The inside of the mouth is normally lined with a special type of skin (mucosa) that is smooth and coral pink in color. Any alteration in this appearance could be a warning sign for a pathological process. The most serious of these is oral cancer.

The following can be signs at the beginning of a pathologic process or cancerous growth:

  • • Reddish patches (erythroplasia) or whitish patches (leukoplakia) in the mouth
  • • A sore that fails to heal and bleeds easily
  • • A lump or thickening on the skin lining the inside of the mouth
  • • Chronic sore throat or hoarseness
  • • Difficulty in chewing or swallowing

These changes can be detected on the lips, cheeks, palate, gum tissue around the teeth, tongue, face, and/or neck. Pain does not always occur with pathology and, curiously, is not often associated with oral cancer. However, any patient with facial and/or oral pain without an obvious cause or reason may also be at risk for oral cancer.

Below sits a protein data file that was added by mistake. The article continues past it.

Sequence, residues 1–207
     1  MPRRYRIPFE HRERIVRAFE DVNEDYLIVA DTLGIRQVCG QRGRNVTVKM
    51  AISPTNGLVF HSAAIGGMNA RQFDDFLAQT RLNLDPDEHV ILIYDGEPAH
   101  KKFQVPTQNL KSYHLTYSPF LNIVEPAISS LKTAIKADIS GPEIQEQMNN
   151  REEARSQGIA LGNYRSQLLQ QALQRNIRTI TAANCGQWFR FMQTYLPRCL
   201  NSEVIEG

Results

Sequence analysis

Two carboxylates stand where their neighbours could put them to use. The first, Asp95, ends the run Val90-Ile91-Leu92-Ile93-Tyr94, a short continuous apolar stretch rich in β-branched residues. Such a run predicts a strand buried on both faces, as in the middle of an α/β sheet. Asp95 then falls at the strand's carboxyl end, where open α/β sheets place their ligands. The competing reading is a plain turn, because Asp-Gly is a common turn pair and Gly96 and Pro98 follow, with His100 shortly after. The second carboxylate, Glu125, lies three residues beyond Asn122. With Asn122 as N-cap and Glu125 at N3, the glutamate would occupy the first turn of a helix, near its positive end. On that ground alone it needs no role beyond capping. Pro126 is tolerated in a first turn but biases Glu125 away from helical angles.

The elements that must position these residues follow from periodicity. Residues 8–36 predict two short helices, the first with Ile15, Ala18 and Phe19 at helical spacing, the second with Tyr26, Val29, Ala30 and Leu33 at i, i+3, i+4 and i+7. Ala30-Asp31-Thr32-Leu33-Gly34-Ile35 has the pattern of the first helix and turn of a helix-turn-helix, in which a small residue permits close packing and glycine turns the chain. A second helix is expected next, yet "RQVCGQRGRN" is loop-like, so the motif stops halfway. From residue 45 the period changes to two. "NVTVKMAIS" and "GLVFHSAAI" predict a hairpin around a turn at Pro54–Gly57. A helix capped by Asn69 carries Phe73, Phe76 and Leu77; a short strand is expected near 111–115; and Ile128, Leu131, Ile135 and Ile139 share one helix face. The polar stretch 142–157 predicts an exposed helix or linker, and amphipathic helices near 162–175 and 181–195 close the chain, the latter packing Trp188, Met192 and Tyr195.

While we recommend performing an oral cancer self-examination monthly, the best method for detection is to have semi-annual check-ups by your dentist. Should there be an area of concern, he or she will refer you to our office for evaluation and possible biopsy. Biopsy is a quick office procedure which allows our doctor to take a sample of the tissue in the area of concern for examination under a microscope. Remember: your mouth is one of your body's most important warning systems. Do not ignore suspicious lumps or sores.


Facial Trauma

There are a number of possible causes of facial trauma including motor vehicle accidents, accidental falls, sports injuries, interpersonal violence and work related injuries. Types of facial trauma can range from injuries of the skin to severe injuries of the teeth and facial bones. Drs. Darab, Richardson & Hill are trained to manage and treat facial trauma to the teeth, the facial bones, and the jaws, including:

  • • Facial lacerations
  • • Intra-oral lacerations
  • • Avulsed (knocked out) teeth
  • • Fractured facial bones
  • • Fractured jaws (upper and lower jaw)
Medical Procedures